National Graphene Institute

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National Graphene Institute
The National Graphene Institute.JPG
General information
LocationManchester, United Kingdom
Coordinates53°28′7.5″N 2°14′0.4″W / 53.468750°N 2.233444°W / 53.468750; -2.233444Coordinates: 53°28′7.5″N 2°14′0.4″W / 53.468750°N 2.233444°W / 53.468750; -2.233444
Construction started2013[1]
OwnerUniversity of Manchester
Technical details
Floor count5[1]
Floor area7,600 m2 (82,000 sq ft)[1]
Design and construction
ArchitectJestico + Whiles[2]
Main contractorBam Construct[2]

The National Graphene Institute is a research institute and building at the University of Manchester that is focused on the research of graphene. Construction of the building to house the institute started in 2013[1] and finished in 2015.


The building in 2016

The creation of the institute, including the construction of the building, cost £61 million. Funded by the UK Government (£38m) and the European Union's European Regional Development Fund (£23m), the building is the national centre for graphene research in the UK. It provides facilities for industry and university academics to collaborate on graphene applications and the commercialisation of graphene. The building was opened on 20 March 2015 by George Osborne.[3]


The National Graphene Institute under construction in August 2014

The five-story glass-fronted building provides 7,600 square metres (82,000 sq ft) of research space. This includes 1,500 square metres (16,000 sq ft) of class 100 and class 1000 clean rooms, one of which occupies the entire lower ground floor (in order to minimise vibrations[4])[1] plus laser, optical, metrology and chemical laboratories, along with offices, a seminar room and accommodation.[5] The top floor also includes a roof terrace, which has 21 different grasses and wildflowers designed to attract urban bees and other species of pollinators.[6] The outside of the building consists of a composite cladding, with an external stainless steel 'veil'.[4] The building faces on to Booth Street East. Construction started in March 2013, with the building being completed in 2015.[1]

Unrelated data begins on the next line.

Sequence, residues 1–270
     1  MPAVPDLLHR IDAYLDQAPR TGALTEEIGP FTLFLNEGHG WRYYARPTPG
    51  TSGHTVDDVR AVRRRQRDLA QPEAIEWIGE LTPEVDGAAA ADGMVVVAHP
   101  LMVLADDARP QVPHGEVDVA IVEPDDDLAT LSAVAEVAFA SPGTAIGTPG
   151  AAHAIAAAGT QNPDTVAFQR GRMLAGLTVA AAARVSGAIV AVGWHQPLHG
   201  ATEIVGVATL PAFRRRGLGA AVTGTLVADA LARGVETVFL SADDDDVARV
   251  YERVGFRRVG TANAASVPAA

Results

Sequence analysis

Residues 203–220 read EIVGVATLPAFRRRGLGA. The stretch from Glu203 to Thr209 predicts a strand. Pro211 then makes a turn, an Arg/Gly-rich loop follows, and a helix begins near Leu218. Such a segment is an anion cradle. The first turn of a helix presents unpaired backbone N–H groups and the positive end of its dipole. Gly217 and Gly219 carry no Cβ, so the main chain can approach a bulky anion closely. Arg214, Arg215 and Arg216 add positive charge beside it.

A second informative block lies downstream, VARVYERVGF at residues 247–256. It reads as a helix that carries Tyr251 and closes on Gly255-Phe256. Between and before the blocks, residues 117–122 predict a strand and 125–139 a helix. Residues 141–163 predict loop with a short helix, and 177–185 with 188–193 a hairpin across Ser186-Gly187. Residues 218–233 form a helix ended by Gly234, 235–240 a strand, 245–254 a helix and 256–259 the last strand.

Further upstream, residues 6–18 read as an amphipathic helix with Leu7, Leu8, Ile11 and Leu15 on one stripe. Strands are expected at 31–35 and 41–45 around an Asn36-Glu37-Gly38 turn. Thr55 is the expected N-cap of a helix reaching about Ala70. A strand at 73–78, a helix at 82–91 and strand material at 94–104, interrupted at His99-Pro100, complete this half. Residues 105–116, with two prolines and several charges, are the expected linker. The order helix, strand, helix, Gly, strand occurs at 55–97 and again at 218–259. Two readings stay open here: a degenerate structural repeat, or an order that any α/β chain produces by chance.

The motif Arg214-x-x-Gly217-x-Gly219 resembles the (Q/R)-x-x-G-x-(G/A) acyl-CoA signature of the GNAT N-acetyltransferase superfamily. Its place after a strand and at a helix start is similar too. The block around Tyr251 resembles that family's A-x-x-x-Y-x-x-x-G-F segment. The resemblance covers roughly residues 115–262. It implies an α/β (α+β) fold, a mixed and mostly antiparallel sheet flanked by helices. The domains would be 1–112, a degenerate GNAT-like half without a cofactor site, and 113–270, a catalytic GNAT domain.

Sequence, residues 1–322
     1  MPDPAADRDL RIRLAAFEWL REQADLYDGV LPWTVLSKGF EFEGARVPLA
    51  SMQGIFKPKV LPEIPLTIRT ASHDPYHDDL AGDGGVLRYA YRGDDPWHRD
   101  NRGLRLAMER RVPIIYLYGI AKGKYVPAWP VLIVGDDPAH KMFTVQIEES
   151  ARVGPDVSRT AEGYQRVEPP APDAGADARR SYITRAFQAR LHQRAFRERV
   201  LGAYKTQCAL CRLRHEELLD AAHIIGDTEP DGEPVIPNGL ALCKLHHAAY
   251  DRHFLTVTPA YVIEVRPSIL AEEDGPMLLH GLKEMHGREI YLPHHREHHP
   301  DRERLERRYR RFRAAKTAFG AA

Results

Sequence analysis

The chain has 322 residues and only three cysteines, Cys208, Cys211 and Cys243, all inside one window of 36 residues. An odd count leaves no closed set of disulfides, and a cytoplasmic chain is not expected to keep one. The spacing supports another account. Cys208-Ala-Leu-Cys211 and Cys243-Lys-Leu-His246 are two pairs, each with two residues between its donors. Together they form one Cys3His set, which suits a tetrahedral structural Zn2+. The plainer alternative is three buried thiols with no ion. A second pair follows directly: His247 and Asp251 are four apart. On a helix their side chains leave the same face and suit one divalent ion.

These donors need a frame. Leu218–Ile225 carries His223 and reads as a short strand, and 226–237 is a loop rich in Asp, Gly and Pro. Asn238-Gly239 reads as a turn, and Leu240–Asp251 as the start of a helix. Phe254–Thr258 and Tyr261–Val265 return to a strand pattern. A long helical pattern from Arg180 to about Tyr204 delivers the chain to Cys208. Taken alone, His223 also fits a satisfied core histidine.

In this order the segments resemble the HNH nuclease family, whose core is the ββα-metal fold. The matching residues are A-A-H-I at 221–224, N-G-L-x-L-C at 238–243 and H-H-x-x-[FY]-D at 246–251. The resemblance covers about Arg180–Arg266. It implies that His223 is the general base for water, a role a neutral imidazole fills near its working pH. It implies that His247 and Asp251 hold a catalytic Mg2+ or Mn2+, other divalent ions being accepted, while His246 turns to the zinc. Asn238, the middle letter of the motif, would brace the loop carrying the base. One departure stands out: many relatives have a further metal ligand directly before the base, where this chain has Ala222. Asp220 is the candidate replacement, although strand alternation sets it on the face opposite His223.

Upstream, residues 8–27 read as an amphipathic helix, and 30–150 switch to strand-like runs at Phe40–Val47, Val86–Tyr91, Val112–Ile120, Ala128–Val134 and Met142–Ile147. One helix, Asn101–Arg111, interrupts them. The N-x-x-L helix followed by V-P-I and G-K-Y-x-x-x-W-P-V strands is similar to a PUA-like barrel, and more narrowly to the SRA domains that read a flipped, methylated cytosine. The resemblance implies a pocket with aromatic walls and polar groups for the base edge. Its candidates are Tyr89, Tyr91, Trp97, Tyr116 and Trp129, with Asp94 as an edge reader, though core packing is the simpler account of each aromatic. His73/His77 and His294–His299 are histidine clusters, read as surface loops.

The building was designed by Jestico + Whiles in close collaboration with a team of academics lead by Prof Sir Konstantin Novoselov. It cost around £30m, and was constructed by Bam Construct. The structural design was produced by Ramboll. Other shortlisted organisations are: Lend Lease, Laing O’Rourke, Morgan Sindall, Vinci, and M&W Group).[2] The design work was led by EC Harris, along with CH2M Hill who provided specialist technical architecture design services for the cleanrooms and laboratories, together with Mechanical, Electrical and Process (MEP) consultant services.[4]

History of the location[edit]

Excavations at the site of the Institute.

The Institute was constructed on the former site of the Albert Club, which was a Victorian club that was located between Lawson Street and Clifford Street.[7][8] The club was established for the middle class German community that were involved in Manchester's cotton trade, and Friedrich Engels frequented it during his time in the city, becoming a member in 1842.[7][8] The club was located on Clifford Street from 1842 prior to its relocation in 1859.[9] The building was constructed by the architect Jeptha Pacey as his personal house, and it was fronted by formal gardens. It was later converted into a private social club, which was named after Albert, Prince Consort. More recently it had been re-purposed as Turkish public baths,[7] and was later used as a hospital for women and children.[10] The building was demolished in the 1960s,[citation needed] and the site was used for the construction of the Lamb Building.[11]

The excavations that took place in February 2013 by Oxford Archaeology North, prior to the construction of the Institute, uncovered the remnants of the club building along with a row of five cellars belonging to 1830s terraced housing. A sink removed from the site has been incorporated into the institute's new building.[7] As the main clean room of the new building will be located 3 metres below ground level,[11] the remains of the Albert Club were not conserved.


  1. ^ a b c d e f "First look at world-leading graphene Institute". University of Manchester. 14 January 2013. Retrieved 14 September 2013.
  2. ^ a b c "Contractor picked for £61m Graphene Institute". 30 May 2013. Retrieved 14 September 2013.
  3. ^ "Chancellor officially opens National Graphene Institute". University of Manchester. 20 March 2015. Retrieved 24 March 2015.
  4. ^ a b c "National Graphene Institute" (PDF). Jestico + whiles. Archived from the original (PDF) on 21 September 2013. Retrieved 19 September 2013.
  5. ^ "National Graphene Institute". Jestico + whiles. Archived from the original on 21 September 2013. Retrieved 19 September 2013.
  6. ^ "National Graphene Institute (NGI) | The University of Manchester". Retrieved 2015-11-30.
  7. ^ a b c d "How the Industrial Revolution is part of Manchester's new revolution". University of Manchester. 2013-02-27.
  8. ^ a b "Graphene revolution reveals lost 'local' of the father of communism Fredrich Engels". Manchester Evening News. 2013-03-01.
  9. ^ Henderson, W.O. (1976). The Life of Friedrich Engels. 1. Cass. p. 229. ISBN 9780714613208. Retrieved 5 July 2015.
  10. ^ "Archaeological Excavation on Booth Street East – Open Day 1 March". Museum Meets. 2013-02-28.
  11. ^ a b "Item 9 Site of former Lamb Building". Manchester City Council. 2013-01-17.[permanent dead link]

External links[edit]